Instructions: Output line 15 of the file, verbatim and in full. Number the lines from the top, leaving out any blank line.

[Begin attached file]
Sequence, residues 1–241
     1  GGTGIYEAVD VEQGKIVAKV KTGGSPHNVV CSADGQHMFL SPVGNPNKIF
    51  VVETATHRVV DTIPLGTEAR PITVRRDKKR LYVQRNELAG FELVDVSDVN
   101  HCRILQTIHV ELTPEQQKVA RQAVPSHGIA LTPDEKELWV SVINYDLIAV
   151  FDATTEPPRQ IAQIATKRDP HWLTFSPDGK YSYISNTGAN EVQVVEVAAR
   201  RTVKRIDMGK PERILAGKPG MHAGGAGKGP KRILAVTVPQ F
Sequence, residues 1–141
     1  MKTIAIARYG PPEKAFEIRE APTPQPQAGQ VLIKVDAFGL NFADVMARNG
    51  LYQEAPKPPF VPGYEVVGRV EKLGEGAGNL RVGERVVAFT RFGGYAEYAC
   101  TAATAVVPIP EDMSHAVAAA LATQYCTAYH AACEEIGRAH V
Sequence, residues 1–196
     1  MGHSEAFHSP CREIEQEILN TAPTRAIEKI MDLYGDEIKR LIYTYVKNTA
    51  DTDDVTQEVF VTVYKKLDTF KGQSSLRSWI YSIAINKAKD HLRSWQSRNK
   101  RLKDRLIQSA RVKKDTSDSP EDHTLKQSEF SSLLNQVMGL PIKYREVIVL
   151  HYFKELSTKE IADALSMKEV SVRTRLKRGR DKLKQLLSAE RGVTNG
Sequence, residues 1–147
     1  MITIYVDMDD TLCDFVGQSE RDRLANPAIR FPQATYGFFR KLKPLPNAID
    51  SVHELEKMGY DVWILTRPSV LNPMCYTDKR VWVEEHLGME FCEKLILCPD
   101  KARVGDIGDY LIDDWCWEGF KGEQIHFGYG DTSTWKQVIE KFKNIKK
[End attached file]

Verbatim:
   151  HYFKELSTKE IADALSMKEV SVRTRLKRGR DKLKQLLSAE RGVTNG